Flying around the world as a model is a fast-paced glamorous life for any young woman, but Jade Willoughby had a childhood illness that almost had her living life as a “bubble boy.”
Willoughby (Ojibway from Whitesand First Nation and Jamaican) is just 23 years old but has already lived a very eventful life.
Based out of New York City, N.Y., she is represented by Wilhemina Models, travels for bookings worldwide and has just walked two shows at New York Fashion Week.
She is one of three Native models who’ve made their mark on the international stage.
Her childhood in Thunder Bay, Ont., had a much different tone.
Around the age of seven years old, she suddenly developed Nephrotic Syndrome. It’s a rare kidney disease that causes protein to be lost in the urine, which results in severe swelling, water retention and a compromised immune system.
After her and her father first noticed her legs swelling in the bathtub, it took her doctors over three months to properly diagnose her.
They had to research her case overseas to be able to fully treat her in the small northwestern Ontario town.
“I was constantly in and out of remission from the time I got sick. Most of my childhood was spent in the hospital up until I was about 13,” Willoughby said. “There were several points in my life where I couldn’t walk because the water retention was so dramatic.”
During this point in time, she was ridiculed for her looks. She was called "chipmunk cheeks," and strangers would come up to her to touch her face.
When she was able to go to school for brief periods, she experienced severe bullying not only for her swollen appearance, but also for being aboriginal and mixed race. She took hits from all sides.
“I was essentially in a little quarantine. I couldn’t interact with any more people than who lived in my household. I was home schooled, so needless to say I didn’t necessarily have the best social skills in the world,” she said. “My illness has created a lot of challenges for me that have helped me to get where I am now and that was a big one — was the fact that I had virtually no social skills outside of my parents and my brothers and sisters.”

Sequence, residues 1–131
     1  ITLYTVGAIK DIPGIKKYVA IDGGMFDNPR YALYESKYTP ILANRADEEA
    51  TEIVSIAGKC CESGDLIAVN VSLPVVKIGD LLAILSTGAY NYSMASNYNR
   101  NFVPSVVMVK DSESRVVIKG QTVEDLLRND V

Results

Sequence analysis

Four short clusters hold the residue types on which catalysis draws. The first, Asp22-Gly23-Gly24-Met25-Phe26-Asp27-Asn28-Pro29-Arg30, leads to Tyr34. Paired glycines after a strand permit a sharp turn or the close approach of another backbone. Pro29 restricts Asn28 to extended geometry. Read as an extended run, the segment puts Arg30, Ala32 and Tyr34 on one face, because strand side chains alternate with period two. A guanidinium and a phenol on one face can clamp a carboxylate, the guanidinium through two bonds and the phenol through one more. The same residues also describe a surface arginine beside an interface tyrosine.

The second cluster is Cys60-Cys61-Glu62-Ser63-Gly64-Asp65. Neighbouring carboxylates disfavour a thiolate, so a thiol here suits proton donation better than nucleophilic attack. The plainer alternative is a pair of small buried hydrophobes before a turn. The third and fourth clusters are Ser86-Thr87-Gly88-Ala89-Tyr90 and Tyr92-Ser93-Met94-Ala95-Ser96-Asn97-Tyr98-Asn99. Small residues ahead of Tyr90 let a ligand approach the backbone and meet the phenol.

At the age of 16 as she hit puberty, her hormones changed and her disease went into remission. She gradually decreased her medication and one night her retention all went away.
It was this remission that revived Willoughby’s desire to pursue modelling. When she was six years old, before her illness, she saw her first runway show on television and knew that was what she wanted to do.
After years of battling illness that left her isolated and unable to function at times, she was finally ready to tackle the world of fashion.
Her early life gave her a good foundation to handle the tough modelling industry, where rejection is a daily part of life and the road to the top is paved with those who are willing to claw at you.
“[Early on] I learned a very hard lesson about the darker sides of the modelling industry — dealing with unprofessionalism and improper business management,” she said. “Some incidences occurred, nothing major. It ended up that someone was messing with my career and essentially trying to sabotage my career. I had to take a step away, and I stopped modelling. I thought I was done. I hung up my proverbial heels.”
It was through Facebook that she got back in the game.
A Florida-based talent scout at Benz Model & Talent Agency reached out to her and encouraged Willoughby to pursue her dream of walking the runway. The scout invited her to join her in New York to shop her around to the top agencies, where she went and won.
She landed a contract with Wilhemina Models — her dream agent.
It wasn’t all dream-like for Willoughby, though.
When she first arrived in New York City to visit the agencies, she experienced severe culture shock as she hadn’t travelled on her own before and had to quickly adapt without relying on her family for the first time in her life.
'Anytime it gets to hard I always remember the people in my life that I’ve lost... I’ve lost, very recently several of my family members to suicide.' - Jade Willoughby
She has quickly gotten up to speed, and she now calls Manhattan home, where she resides in a model apartment.
She is still able to travel around the world for her gigs, and she also goes back to Canada to do speaking engagements and visit with family.
“I draw a lot of my strength from the fact that I do have my moments like anyone else where I break down,” she said. “I’ve had my days were I say, 'I don’t want to do this anymore. It's too hard. I’m lonely. I want to go home. I want to stop.'”
Willoughby is far from stopping, though. Her cultural grounding in jingle dress dancing, and her family support help keep her motivated to continue modelling.
“Anytime it gets to hard, I always remember the people in my life that I’ve lost because they had things that were too hard — that was hard for them. I’ve lost, very recently, several of my family members to suicide,” she said. “When things get too hard, I draw back on the memories of my loved ones and think, 'I have to do it. I can’t give up because no matter how hard it gets or how much I’ve been beaten to the ground and I’m tired, that I have to get up because they couldn’t get up.'”